During the pandemic and even during the recent riot, one of the most used terms was “Section 144”, but do you know what Section 144 of CrPC is, who imposes it and why is it imposed? This article will discuss Section 144 of the CrPC in detail.
What is Section 144 of CrPC?
Section 144 of the Code of Criminal Procedure, 1973 (CrPC) talks about the power to issue orders in urgent nuisance cases or apprehended danger.
Section 144 of CrPC has empowered the Magistrate of any state or union territory to pass an order restricting the gathering of more than four people in a particular area.
The main aim of the act is to maintain peace and order where there are chances of trouble, nuisance, or danger that can interrupt the regular human life or property. Therefore, it is anticipatory, i.e.; restrictions are imposed in case of an emergency where there is an apprehension of danger or disturbance of public peace and tranquillity.
This order can be passed against any individual or the general public.
Some instances where Section 144 was imposed:
- The most commonly used instance where Section 144 CrPC was imposed was during the pandemic, where a large number of people or groups of 4 or more people were not allowed to gather at one place at one time. Therefore, Section 144 of CrPC was imposed in many areas, including Mumbai, Delhi, Gurugram, etc., to curb the spread of Coronavirus when there was a rise in Covid-19 cases.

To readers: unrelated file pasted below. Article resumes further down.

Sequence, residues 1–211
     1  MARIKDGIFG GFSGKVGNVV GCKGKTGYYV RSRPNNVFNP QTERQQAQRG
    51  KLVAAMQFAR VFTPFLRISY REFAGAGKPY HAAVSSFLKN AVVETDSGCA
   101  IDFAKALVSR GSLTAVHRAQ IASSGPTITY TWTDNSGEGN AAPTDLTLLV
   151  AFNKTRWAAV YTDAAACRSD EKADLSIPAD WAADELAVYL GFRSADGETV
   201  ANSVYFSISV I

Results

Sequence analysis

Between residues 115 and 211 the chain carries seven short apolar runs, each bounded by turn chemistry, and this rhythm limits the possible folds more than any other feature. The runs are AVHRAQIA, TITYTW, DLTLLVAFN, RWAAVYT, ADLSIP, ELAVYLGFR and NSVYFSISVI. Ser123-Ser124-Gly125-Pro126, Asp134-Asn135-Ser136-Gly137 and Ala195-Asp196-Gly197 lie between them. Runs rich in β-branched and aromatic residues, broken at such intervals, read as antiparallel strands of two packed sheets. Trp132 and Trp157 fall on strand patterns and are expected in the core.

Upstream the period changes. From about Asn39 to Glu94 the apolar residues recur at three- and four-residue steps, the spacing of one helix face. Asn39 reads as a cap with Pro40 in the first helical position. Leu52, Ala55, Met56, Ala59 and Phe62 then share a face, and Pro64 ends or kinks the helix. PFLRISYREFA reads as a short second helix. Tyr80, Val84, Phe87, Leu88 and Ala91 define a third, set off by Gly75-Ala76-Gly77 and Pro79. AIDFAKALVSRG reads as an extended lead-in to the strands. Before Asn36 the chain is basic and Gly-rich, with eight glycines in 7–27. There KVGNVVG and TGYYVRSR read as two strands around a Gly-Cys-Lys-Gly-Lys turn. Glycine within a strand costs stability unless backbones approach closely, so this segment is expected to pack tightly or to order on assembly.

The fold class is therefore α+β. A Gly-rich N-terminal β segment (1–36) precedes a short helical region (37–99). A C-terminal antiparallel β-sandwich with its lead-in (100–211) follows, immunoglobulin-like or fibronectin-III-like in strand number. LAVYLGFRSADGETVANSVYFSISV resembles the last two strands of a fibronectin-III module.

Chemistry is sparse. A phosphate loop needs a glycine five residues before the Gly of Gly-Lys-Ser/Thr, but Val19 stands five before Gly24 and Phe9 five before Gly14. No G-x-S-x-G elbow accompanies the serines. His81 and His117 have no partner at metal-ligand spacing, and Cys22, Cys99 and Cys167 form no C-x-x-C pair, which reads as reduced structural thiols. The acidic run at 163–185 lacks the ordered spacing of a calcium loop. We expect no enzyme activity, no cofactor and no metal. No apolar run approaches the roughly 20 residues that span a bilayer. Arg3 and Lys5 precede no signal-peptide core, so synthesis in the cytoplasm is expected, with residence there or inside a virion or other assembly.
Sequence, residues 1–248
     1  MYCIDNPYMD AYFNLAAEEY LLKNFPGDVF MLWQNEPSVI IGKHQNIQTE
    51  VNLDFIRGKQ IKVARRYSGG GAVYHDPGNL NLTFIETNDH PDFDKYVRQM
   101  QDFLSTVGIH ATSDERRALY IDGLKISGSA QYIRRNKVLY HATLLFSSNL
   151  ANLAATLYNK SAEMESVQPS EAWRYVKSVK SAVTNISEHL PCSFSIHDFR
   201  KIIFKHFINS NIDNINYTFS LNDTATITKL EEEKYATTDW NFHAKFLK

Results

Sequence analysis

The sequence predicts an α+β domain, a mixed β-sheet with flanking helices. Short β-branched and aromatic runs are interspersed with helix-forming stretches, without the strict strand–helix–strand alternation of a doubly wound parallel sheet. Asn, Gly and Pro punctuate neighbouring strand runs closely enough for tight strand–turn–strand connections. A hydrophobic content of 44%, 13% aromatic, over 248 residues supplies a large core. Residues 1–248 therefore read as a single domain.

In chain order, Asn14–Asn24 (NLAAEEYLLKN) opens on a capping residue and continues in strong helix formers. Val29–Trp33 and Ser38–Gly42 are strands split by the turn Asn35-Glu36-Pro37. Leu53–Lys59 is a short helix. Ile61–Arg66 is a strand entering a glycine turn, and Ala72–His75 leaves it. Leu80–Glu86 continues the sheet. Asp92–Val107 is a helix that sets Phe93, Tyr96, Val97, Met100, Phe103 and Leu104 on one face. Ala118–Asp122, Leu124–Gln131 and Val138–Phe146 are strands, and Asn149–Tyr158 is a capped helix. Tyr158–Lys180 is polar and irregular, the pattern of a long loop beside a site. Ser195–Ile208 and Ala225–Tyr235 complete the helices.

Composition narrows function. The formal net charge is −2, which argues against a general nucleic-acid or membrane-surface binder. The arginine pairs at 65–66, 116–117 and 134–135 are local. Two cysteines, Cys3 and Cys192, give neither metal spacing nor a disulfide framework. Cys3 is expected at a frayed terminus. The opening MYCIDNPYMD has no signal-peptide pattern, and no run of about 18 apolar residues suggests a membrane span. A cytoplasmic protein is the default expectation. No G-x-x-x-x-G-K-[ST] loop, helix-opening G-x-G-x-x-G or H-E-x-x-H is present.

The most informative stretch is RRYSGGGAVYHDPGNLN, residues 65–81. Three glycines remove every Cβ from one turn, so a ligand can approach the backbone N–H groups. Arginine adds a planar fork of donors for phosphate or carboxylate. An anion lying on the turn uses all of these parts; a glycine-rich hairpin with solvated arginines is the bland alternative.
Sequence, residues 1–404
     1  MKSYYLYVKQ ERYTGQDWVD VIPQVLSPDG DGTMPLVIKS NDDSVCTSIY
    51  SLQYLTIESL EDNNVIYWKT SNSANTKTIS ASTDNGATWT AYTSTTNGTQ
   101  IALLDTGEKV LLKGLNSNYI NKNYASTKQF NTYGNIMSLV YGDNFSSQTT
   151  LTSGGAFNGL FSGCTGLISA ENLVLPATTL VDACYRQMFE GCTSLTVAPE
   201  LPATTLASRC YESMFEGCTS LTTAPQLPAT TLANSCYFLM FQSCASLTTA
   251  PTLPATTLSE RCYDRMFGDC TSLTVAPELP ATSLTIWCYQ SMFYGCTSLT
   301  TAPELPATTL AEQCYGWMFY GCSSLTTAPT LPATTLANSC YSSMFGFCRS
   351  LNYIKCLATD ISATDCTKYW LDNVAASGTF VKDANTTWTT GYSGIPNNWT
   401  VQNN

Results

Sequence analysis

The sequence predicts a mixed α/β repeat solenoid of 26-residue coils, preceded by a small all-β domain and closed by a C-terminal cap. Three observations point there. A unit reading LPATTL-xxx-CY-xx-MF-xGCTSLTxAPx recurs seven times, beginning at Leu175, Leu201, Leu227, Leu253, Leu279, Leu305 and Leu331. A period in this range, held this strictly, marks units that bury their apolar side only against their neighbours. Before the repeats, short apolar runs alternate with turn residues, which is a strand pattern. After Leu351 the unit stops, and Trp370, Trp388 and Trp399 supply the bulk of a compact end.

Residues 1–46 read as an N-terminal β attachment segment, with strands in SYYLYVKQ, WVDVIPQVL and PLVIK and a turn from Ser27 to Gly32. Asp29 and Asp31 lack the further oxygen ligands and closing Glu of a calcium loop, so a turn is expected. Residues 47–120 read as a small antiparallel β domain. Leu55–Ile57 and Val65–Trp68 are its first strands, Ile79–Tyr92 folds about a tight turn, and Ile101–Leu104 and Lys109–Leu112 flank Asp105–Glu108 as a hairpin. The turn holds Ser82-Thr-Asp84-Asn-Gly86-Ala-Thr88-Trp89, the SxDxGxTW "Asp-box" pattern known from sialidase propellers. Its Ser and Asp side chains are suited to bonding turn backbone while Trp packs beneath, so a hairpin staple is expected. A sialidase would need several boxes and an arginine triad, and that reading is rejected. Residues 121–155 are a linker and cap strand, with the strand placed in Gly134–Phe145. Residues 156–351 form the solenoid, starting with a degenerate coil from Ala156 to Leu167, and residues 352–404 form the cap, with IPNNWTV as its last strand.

- Section 144 was imposed in the North Goa district when it received information about the possible terror attack on the western coast. Therefore, North Goa District Magistrate imposed Section 144 for 60 days.
- During the death anniversary of Afzal Guru and Maqbool Bhat, the government of Jammu and Kashmir blocked internet access by imposing Section 144 of CrPC in the state.
- Recently, prohibitory orders were imposed under Section 144 of CrPC near Roorkee by the administration of Uttarakhand’s Haridwar district.
- In Gautam Budh Nagar, Noida, Section 144 CrPC has been enforced from May 1- 31, 2022, in view of growing Covid-19 cases and upcoming festivals.
- In Hathras, Section 144 was imposed, preventing the entry of all ‘outsiders,’ including media, into the Boolgarhi village, where a Dalit girl was gang-raped.
- Section 144 was imposed in 2019 in Bhopal when the Ayodhya verdict was pronounced.
- Section 144 was imposed by the Karnataka government during the CAA and NRC protests that prohibited holding public meetings, carrying arms, and gathering five or more people in one place.
Features of Section 144 of CrPC
Section 144 of CrPC has the following features:
· Order passed under Section 144 of CrPC must be in writing.
· The order must specify the reason or material facts based on which the order is passed and its duration.
· The order should clearly state the prohibited acts or conduct and those prohibited from doing such acts or conduct.
What is prohibited under Section 144 of CrPC?
When the order under Section 144 of CrPC is passed following acts are prohibited or restricted:
· Handling or transporting any kind of weapons in a particular area or jurisdiction was restricted.